Zoological Studies

Vol. 53, 2014

Short-term effects of thermal stress on the responses of branchial protein quality control and osmoregulation in a reef-associated fish, Chromis viridis

Cheng-Hao Tang1,2*, Ming-Yih Leu2,3, Katrina Shao4, Lie-Yueh Hwang5 and Wen-Been Chang2,3

1Institute of Marine Biotechnology, National Dong Hwa University, 2 Houwan Road, Checheng, Pingtung 944, Taiwan
2National Museum of Marine Biology and Aquarium, Pingtung 944, Taiwan
3Institute of Marine Biodiversity and Evolutionary Biology, National Dong Hwa University, Pingtung 944, Taiwan
4Department of Ecology, Evolution, and Marine Biology, University of California, Santa Barbara, CA 93106-9610, USA
5Taishi Station, Mariculture Research Center, Fisheries Research Institute, Council of Agriculture, Taishi, Yulin 636, Taiwan

Background: Changes in ambient temperature seriously affect physiological regulation and biochemical reactions in ectotherms. However, transient elevation in oceanic temperature occurs naturally during the day. Short-term elevation in the ambient temperature affects different physiological responses in marine fish, including cellular protein stability and osmotic balance of the internal environment. Since fish gills are vital osmoregulatory organ which directly contacts external environment, activation of cytoprotective responses to maintain gill cell viability and biological function is essential for fish survival under challenging environmental conditions. The purpose of this study was to investigate the short-term effects of elevated temperature on physiological regulation in the gills of a marine teleost, blue green damselfish (Chromis viridis).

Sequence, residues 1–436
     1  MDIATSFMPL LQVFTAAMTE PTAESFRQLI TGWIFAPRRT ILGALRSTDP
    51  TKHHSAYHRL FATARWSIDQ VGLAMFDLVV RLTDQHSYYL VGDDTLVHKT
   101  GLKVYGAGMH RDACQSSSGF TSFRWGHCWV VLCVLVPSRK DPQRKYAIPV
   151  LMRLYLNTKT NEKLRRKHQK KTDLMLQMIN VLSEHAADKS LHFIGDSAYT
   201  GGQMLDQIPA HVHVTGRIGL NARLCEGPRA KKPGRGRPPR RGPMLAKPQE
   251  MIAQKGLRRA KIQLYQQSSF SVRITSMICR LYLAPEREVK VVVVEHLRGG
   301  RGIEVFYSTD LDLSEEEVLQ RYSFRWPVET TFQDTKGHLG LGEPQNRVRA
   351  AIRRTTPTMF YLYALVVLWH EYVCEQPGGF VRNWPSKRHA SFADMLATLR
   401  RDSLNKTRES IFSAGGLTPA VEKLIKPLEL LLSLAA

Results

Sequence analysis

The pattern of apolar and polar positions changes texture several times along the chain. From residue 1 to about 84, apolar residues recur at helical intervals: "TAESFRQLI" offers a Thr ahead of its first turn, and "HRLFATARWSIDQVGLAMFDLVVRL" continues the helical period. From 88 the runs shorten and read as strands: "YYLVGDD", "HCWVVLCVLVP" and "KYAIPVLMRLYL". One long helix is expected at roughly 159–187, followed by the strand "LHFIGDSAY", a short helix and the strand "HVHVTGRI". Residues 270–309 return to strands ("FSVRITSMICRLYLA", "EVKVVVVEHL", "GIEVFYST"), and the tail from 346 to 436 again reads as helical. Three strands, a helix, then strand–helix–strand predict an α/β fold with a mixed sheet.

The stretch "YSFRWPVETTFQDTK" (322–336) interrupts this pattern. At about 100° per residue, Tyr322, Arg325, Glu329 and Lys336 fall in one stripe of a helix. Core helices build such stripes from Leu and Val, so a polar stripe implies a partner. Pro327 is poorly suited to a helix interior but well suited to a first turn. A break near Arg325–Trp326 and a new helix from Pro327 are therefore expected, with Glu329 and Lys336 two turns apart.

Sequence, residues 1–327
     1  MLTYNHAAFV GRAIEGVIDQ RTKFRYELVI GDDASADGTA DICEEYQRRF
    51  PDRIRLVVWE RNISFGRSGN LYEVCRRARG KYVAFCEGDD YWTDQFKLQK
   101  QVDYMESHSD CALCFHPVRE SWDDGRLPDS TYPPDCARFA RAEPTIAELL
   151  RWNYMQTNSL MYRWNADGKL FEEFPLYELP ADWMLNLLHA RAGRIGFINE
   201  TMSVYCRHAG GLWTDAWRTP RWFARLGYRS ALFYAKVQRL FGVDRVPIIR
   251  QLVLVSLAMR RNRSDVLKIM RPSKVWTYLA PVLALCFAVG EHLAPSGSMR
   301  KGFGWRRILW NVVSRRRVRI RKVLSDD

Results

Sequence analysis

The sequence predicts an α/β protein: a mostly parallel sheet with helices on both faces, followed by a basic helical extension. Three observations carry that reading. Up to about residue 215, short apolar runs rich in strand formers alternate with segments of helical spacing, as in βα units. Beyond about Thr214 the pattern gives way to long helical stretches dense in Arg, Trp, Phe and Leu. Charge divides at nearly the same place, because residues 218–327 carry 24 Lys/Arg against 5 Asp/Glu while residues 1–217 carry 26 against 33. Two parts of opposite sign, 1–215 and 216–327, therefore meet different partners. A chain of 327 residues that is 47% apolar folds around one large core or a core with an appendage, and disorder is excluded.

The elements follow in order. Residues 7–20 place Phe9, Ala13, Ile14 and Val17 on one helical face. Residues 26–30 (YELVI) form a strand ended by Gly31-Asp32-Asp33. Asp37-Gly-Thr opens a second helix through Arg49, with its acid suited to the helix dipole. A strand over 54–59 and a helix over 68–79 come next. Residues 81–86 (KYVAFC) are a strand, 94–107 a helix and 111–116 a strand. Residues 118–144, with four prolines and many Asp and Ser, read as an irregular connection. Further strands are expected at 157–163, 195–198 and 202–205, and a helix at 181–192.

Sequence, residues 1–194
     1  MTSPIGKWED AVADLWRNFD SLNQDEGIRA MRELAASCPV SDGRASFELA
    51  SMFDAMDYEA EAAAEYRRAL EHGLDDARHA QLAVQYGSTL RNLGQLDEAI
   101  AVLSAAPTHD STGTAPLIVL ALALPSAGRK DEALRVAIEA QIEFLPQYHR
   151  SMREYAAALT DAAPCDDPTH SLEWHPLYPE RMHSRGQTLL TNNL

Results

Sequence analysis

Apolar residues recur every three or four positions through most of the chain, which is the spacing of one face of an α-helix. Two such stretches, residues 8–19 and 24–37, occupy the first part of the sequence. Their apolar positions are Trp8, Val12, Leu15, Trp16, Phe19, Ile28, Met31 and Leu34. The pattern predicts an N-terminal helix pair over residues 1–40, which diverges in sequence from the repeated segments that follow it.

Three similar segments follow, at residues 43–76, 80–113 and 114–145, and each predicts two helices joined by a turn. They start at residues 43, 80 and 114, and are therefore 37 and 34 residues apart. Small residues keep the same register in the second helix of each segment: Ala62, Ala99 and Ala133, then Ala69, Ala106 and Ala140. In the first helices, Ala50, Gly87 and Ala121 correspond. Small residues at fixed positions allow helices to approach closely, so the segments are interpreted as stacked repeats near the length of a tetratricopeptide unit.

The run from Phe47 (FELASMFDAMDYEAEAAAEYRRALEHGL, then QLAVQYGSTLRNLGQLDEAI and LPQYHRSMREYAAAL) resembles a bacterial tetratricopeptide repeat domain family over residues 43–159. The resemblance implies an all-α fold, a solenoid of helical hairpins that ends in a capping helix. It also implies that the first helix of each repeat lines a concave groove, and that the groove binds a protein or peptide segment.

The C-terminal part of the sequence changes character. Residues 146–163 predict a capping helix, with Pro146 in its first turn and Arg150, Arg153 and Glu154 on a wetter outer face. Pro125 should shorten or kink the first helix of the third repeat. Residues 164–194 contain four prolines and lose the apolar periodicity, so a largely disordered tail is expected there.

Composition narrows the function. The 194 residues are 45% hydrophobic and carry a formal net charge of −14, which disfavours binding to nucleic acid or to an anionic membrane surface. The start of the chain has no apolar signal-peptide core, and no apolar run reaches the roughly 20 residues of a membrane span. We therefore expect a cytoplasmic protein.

As part of the stress response, plasma glucose levels were induced by short-term hyperthermic exposure (12 h). Furthermore, upregulation of the levels of gill heat shock proteins (HSPs) and ubiquitinated proteins was essential for preventing the accumulation of protein aggregations in branchial cells of C. viridis under hyperthermic stress. The specific activity of branchial Na+/K+-ATPase (NKA), however, significantly reduced while the amount of protein was similar between normal and high-temperature groups.
Conclusions: The present study provided the evidence to illustrate that activation of the branchial protein quality control mechanism to carry out cytoprotective response was involved in coping with thermal stress. However, plasma osmolality and muscle water content, respectively, that slightly but evidently increased and decreased might result from impaired osmoregulatory ability due to hyperthermia-decreased gill NKA activity.

Key words: Thermal stress; Blue-green damselfish; Protein quality control; Osmoregulation.

*Correspondence: E-mail: ce: wtang@mail.ndhu.edu.tw